Her coffee shouldn’t be ‘a little thin’

I was never a coffee drinker until about 12 years ago. I thought it was, like soda pop, basically polluted water. Soda pop was acceptable, however, because, like most people, I have a sweet tooth.

Meanwhile, the Secretary of Health and Human Services at our house has always been a coffee drinker. One day about 10 years ago, I rose up out of my self-obsession just long enough to realize that it would be a nice thing if I made her coffee for her each morning. I am normally the first one up each day, and it only made sense.

Under her instruction, I learned that it doesn’t take Einstein to concoct the brew. Henceforward, making her coffee became part of my daily routine.

I did not make the coffee for myself because she drinks decaf, which I still consider to be polluted water. The only reason I can think of to drink coffee is for the jolt of caffeine to get going in the morning.

So it was that for the most part, I got my java from the office coffee pot, wherever I happened to be working.

This worked fairly well — five days a week, As the habit grew, however, I found that it was not enough. On the weekends, I found myself heading out to local coffee shops for my daily fix.

Then about a year ago, she bought me my own little coffee pot, which I use on the weekend. I began testing coffee from various sources. For whatever reason, I love the coffee served at St. Gabriel’s Hospital, which I have since learned is a special blend made by Reality Roasters.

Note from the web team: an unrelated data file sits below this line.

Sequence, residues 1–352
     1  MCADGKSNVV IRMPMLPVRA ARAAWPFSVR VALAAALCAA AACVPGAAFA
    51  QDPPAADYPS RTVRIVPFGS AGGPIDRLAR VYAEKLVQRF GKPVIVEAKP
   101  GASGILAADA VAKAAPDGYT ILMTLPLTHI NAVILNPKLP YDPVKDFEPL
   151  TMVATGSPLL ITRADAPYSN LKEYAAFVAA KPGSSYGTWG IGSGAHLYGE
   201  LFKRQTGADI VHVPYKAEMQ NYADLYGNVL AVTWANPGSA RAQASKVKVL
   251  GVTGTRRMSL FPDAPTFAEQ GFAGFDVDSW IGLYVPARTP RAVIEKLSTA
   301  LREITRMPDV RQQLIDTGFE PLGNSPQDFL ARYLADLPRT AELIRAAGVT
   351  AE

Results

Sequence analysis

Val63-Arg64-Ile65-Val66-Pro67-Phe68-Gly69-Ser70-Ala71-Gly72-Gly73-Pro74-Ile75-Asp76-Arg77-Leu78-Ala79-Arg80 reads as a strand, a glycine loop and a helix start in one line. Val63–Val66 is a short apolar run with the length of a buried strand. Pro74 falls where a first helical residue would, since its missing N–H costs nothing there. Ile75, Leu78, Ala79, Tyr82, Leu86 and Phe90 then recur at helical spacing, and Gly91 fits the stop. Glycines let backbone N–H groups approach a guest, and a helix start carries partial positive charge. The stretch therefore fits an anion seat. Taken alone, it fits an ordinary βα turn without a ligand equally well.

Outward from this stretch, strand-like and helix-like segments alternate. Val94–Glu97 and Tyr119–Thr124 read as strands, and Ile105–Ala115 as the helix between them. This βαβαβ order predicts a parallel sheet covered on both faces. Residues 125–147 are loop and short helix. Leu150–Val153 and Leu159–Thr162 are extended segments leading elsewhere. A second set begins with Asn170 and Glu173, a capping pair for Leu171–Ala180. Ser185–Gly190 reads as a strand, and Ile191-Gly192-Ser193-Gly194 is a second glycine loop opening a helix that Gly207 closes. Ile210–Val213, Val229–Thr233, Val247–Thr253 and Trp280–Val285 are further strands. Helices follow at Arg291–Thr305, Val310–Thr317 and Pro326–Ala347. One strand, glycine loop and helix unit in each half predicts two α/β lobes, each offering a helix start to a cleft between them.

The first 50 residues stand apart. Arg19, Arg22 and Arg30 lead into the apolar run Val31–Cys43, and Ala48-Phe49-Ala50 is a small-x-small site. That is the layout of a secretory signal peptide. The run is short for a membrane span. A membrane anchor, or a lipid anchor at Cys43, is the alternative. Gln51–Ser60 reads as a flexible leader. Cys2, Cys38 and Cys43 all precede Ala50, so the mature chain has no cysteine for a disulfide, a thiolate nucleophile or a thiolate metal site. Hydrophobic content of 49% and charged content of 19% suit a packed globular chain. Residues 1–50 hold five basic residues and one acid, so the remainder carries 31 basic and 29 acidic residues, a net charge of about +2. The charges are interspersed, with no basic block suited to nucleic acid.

Last Christmas, the secretary gave me a coffee grinder, which I think makes me a “connoisseur” of fine coffee, although I think “experimenter” would be a more accurate term. My coffee is about as freshly brewed as it can be.

Meanwhile, I continued to make the secretary’s coffee every day. Maybe once or twice a year, something happens to disrupt my routine, and I forget —- until she walks into the kitchen and notes the disruption in her own routine.

Now, I still drink from the office coffee pot, but on the weekends, I brew two pots, one for the secretary and one for myself.

The two pots are different, mine being smaller and that they require differently shaped filters. Mine is cone-shaped while hers look like oversized cupcake holders.

Her filters come in stacks, and sometimes it is difficult to separate just one from the stack. Occasionally they stick together. Not wanting to start all my days by trying to insert a fingernail between filters, I now grab a hunk of them and separate two or three weeks’ worth at a time, creating what I call my  “ready” stack. I usually do it on the weekend, because it may take up to five minutes  to separate the entire hunk.

Then came last Monday. I wasn’t headed to the Record office in the morning, so I decided to brew my own, even though it was a workday. I put my coffee on, and then went to brew the secretary’s.

I opened the cupboard and realized that I had forgotten that I had exhausted my ready stack on Sunday. I had to go through a separation, so I did.

As soon as I had one filter that I was sure was only one filter, I put it in the filter holder. Then I separated the remainder, put the ready stack away, poured water into the coffeemaker, and inserted the filter holder, turned it on, and made my breakfast.

It worked just fine — if your goal is a cup of hot water. If you want coffee and forget to add the grounds, it doesn’t go so well. The secretary took one look and said it looked a “little thin.” At least she was smiling as she stuck the needle in.

No points for altruism. No points for effort. Just a not so subtle reminder that she depends on me for something.


Tom West is the editor and general manager of the Record. Reach him at (320) 616-1932 or by e-mail at [email protected]